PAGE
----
While Article XX.3 also provides that there will be 190 contract days, the District did not cause the calendar to exceed that number of contract days in 1995-96 because the teachers were not required to perform any services for the District on the third inclement weather day.

While Article XX.3 also provides that there will be 180 school days in the calendar, the District did not cause the calendar to exceed that number of school days in the 1995-96 school year. The Agreement does not expressly incorporate the statutory definition of school day. Moreover, while Sec. 115.01(10)(l) of the Wisconsin Statutes permits the District to count as many as five un-made-up inclement weather days and parent teacher conference days toward the legally-required 180 school days, neither the statutes nor the Agreement requires the District to do so.

While the 1981-82 school calendar specifically stated that certain inclement weather days after the second would not be made up, that calendar cannot properly be used as a guide to the meaning of the Agreement. The parties' negotiations about the contents of school calendars have always been separate from their master agreement negotiations. Calendar negotiations have involved a different negotiating committee. The resultant calendars have been applicable only to the specific years to which each has referred. The calendars have never been physically appended to or otherwise made a part of the parties' master agreements. Moreover, if the parties intended to preclude the District from making up inclement weather days beyond the second, their calendar negotiators would have continued to include calendar language to that effect paralleling that in the 1979-82 calendar, but they have not done so.

Accordingly, the District was acting within its reserved Agreement rights both when it chose to make up the third inclement weather day of the 1996-97 school year and when it reasonably chose to keep the spring vacation intact by making up the third inclement weather day on April 26, 1996, and rescheduling the April 26 in-service on June 4, 1996.

The grievance should therefore be denied.

DISCUSSION

Agreement Article XX.4 contains language specifically dealing with whether inclement weather days will be made up. That language provides, "The first two inclement weather days must be made up." If that language reflects the parties' intentions about how inclement weather days other than the first two are to be handled, then it governs as against the more general management rights provisions cited by the District.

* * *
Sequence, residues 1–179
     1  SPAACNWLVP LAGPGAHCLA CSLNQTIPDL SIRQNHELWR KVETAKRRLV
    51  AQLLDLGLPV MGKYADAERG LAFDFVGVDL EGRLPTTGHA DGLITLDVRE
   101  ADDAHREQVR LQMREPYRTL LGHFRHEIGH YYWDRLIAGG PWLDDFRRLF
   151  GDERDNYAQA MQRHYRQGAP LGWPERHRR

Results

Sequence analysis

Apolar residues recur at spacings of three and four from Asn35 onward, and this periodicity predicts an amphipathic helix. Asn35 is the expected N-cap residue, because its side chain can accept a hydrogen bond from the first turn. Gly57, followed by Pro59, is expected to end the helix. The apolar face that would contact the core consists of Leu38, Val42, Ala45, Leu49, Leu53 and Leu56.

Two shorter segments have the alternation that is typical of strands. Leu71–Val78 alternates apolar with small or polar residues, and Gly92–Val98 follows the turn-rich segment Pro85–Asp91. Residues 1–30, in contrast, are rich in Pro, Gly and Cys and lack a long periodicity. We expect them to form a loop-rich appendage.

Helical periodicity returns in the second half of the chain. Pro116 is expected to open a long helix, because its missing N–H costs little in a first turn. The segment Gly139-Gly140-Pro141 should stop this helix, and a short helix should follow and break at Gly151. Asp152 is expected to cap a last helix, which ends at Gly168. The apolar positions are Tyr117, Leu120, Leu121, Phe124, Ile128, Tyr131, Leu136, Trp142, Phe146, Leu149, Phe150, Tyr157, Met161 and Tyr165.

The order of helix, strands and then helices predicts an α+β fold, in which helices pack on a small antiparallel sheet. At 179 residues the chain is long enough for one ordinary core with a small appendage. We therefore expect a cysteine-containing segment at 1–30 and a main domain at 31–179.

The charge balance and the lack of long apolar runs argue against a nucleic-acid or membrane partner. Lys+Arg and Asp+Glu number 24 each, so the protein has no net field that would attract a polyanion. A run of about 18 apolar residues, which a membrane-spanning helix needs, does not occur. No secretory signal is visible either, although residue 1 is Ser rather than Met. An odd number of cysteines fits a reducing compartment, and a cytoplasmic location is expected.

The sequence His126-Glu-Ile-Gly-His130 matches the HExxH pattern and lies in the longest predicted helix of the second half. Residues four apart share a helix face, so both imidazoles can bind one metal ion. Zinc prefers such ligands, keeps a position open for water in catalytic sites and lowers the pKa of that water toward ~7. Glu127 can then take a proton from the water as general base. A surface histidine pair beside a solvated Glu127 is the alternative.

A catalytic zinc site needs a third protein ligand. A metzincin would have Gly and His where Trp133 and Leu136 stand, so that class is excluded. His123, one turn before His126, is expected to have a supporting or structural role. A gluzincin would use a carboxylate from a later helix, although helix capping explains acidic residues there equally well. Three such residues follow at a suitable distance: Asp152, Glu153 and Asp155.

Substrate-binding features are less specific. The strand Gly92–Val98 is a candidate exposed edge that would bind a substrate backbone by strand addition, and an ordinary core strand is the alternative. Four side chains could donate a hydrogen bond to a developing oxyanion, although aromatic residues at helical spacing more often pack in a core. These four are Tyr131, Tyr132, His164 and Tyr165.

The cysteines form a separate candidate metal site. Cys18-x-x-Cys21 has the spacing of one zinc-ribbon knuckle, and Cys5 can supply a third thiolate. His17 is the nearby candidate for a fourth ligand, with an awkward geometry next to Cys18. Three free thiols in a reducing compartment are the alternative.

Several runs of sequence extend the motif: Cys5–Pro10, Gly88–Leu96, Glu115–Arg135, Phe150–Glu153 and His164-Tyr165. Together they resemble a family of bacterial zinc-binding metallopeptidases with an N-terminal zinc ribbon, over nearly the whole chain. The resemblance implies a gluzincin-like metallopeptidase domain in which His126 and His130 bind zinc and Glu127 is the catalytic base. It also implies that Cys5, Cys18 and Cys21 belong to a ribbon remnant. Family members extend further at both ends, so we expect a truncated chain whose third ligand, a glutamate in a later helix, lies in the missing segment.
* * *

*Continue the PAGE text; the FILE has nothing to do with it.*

The Arbitrator finds that sentence, properly interpreted, does provide guidance regarding status of a third inclement weather day. It is therefore controlling in this case as against the more general management rights provisions.

On its face, the quoted sentence is ambiguous -- it could reasonably support two meanings: either that the teachers must make up the first two inclement weather days but need not make up any others, on the principle that to express one thing is to exclude another; or that the District must make up the first two inclement weather days and is free to choose whether to make up any others, on the basis of the residual rights reserved to the District in the absence of Agreement provisions to the contrary.

The bargaining history evidence concerning the initial inclusion of that language persuasively establishes that only the first of those alternatives could have been intended by the parties. It is undisputed that the quoted sentence was first included in the 1979-82 master agreement. Prior to that, the District had been requiring the teachers to make up all inclement weather days, and the master agreement contained no language specifically addressing inclement weather day make up. In the 1979-82 master agreement bargaining, the Association initially proposed that no such days be made up in the future, and the District initially proposed that the status quo be maintained. The parties ultimately agreed to add language including the words in the disputed sentence quoted above.

In that context, the fact that the disputed language on the subject of inclement weather make up days was added firmly supports the Association's contention that a change in the status quo was mutually intended by the parties at that time. The Association was seeking language that would have eliminated the District's right to require the teachers to make up all inclement weather days, and the District sought to retain that right unchanged. The parties agreed to what clearly appears to have been a compromise between those two positions to the effect that the first two such days would continue to be made up, but -- by clear implication -- the District would no longer have the right to make up such days beyond the second in a school year.

The 1981-82 calendar confirms that that was the understanding of the Association and District negotiators appointed pursuant to the 1979-82 master agreement to develop a calendar expressly recognized by the parties as a negotiable item. It is undisputed that the 1981-82 calendar was reduced to writing in a document prepared by the Superintendent's secretary and issued as an official District document. While that calendar was not physically made a part of the contract nor expressly incorporated by reference as part of the contract, it is, at a minimum, evidence that reliably indicates what the District and Association thought the master agreement language here in dispute meant.